Clay shooting is the most fun you can have with a pair of ear defenders on. But did you know it’s great for your mental and physical wellbeing too? By James Simon
Shooting builds strength
During a competition day you’ll be shouldering your gun, which probably weighs 7-8lbs (3.2-3.6kg), between 100 and 200 times. That’s a lot of repetitions! Regular practice lifting that lump of wood and steel is going to make you strong. And being strong is great for our health because muscles do more than help us show off in the gym or open jars of marmalade.
Muscle cells contain a high concentration of tiny organs called mitochondria that help turn the energy we absorb from food into energy that we can use. Essentially, they are miniature powerhouses that give us get-up-and-go. More muscle equals more oomph.
It gets better than that. Muscle is a major site of glucose uptake. The more muscle we have, the more insulin receptors we have which means we’re less likely to develop type 2 diabetes.
Finally, if your last birthday cake was ablaze with more than 50 candles then it’s likely you’re in the early stages of sarcopenia, which is age-related loss of muscle mass. Strength training is our best defence against sarcopenia, so keep lifting that gun!
Shooting develops balance
Shooting may not be as dynamic as pole vaulting, but it is a sport that both requires and promotes flexibility and balance. The ideal stance across all disciplines is one that provides stability without inhibiting movement, so most shooters will have their front toe pointing into the ‘kill zone’ and will lean into the shot.
To remain well-balanced, this stance requires both strength and flexibility, mostly from the core but also from the back, shoulders, glutes, quads and hamstrings. Done well, it’s an all body workout, albeit a subtle one.
Shooting drives motor skills
It’s obvious that shooting is great for developing good hand-eye coordination – without it, you’ll enjoy fewer hits than Chumbawamba. We rely on good motor skills not just for shooting but for completing everyday essential tasks such as doing up shoelaces or illicit snacking.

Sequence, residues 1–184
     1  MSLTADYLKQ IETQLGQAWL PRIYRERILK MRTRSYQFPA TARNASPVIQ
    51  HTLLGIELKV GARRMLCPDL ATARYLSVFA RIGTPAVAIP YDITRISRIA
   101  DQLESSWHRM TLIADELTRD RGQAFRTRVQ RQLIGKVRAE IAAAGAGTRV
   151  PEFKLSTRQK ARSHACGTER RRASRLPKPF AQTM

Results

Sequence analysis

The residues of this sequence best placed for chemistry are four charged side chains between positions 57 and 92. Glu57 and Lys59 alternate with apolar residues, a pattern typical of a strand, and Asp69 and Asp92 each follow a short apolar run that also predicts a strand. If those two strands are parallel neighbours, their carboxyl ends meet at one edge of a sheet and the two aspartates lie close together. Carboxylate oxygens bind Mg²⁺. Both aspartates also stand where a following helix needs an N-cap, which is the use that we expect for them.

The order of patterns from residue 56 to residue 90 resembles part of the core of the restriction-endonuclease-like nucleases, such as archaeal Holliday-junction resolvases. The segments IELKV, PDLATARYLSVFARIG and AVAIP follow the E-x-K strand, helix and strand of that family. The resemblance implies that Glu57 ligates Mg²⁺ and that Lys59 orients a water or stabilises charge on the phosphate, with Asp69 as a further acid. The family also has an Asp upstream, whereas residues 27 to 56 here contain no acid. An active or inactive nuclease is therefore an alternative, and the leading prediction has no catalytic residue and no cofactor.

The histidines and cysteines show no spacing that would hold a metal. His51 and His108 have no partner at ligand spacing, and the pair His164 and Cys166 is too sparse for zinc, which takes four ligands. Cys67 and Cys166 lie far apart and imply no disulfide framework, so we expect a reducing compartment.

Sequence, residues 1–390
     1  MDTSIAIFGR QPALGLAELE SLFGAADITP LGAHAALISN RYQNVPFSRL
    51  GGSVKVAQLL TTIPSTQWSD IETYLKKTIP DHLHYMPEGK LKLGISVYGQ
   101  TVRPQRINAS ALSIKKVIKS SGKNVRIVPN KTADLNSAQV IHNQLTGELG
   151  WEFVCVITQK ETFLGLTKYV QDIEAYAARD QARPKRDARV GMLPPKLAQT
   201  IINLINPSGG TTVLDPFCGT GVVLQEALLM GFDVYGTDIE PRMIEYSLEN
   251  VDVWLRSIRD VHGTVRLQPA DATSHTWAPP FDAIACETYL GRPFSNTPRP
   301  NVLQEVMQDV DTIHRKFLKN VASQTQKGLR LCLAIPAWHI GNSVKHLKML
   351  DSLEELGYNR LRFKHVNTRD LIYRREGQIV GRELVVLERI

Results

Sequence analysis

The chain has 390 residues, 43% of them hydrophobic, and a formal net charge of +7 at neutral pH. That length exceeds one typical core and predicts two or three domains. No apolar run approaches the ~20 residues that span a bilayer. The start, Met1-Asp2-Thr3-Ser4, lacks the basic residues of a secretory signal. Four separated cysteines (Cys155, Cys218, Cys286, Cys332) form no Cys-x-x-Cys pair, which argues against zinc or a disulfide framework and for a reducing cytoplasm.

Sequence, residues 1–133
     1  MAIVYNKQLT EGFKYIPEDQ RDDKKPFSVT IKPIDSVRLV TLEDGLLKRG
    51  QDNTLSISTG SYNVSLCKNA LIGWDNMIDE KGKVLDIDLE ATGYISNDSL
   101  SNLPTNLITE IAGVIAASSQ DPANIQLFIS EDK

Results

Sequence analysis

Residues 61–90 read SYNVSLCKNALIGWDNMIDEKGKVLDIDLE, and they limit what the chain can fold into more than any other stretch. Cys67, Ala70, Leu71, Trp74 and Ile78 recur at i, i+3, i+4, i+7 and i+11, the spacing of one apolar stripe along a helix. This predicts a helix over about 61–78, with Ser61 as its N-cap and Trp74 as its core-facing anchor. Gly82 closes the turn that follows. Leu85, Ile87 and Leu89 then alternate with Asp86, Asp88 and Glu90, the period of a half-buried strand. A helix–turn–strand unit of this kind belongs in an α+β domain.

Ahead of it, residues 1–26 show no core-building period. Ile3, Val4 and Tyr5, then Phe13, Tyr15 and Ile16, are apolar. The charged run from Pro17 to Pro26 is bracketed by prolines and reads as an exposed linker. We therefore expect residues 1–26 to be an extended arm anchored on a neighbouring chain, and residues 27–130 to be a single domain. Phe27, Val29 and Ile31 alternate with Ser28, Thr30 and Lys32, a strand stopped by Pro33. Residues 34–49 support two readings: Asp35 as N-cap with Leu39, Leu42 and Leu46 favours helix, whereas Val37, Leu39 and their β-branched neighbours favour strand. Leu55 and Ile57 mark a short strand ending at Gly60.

Unfortunately, as we age, neuromuscular communication in our bodies deteriorates and our dexterity and responsiveness suffers. Clay shooting helps us maintain hand-eye coordination as we age.
Shooting is a healthy outdoor activity
According to the app developer RescueTime, in 2019 we spent, on average, about three hours and 15 minutes on our phones – that’s half a working day. Astonishingly, Ofcom figures suggest that we also spend something like four hours a day watching TV and online video content. And after 2020, many of us have likely spent even more time cooped up inside.
Shooting gives us the opportunity to get outside, gulp the fresh air and soak up the sunshine. According to government research (Scientific Advisory Committee on Nutrition (SACN), 2016) at least one in five of us suffer from low vitamin D levels, which can lead to poor bone, teeth and muscle health. Our main source of vitamin D is from the action of sunlight on our skin, so it’s important for us to exercise outdoors when we can.
We’re fortunate to enjoy a sport that’s practised in some of the most beautiful countryside in the UK and there are numerous studies that demonstrate that ‘being in nature’ is good for us.
Research by the Center for Environment, Chiba University, Japan shows that spending time in woodland – Shinrin-yoku as the Japanese call it – can lower concentrations of the stress hormone cortisol by 15 percent, slow pulse rates and reduce blood pressure.
They also discovered that being in woodland can relieve psychological tension, depression, fatigue and confusion. Better still, these researchers suspected that any natural settings may have similar beneficial effects, not just woodlands.
Closer to home, researchers at Essex University have discovered that natural environments promote lower levels of perceived exertion. In simple terms, exercising outdoors feels easier, so we’re more likely to do more of it more intensely.
So, if you want to reduce stress, combat high blood pressure and improve your mental health, head out to that rural shooting ground and have fun!
It brings purpose to our lives
The French call it our raison d’être, yogis call it dharma, and Aristotle believed that it led to true happiness. Giving our lives meaning and purpose is what makes it worth getting out of bed every morning. A life without meaning, without purpose is inherently stressful and downright unhealthy to live. Fortunately, clay shooting can help.
Doing something regularly that we love for the intrinsic joy of just participating in that pastime is immeasurably good for us.
Do you find that time slows down when you shoot? You’re so absorbed, so focused, that you are essentially beyond distraction? Psychologists call this ‘flow state’, and it encourages the growth of our rational brain.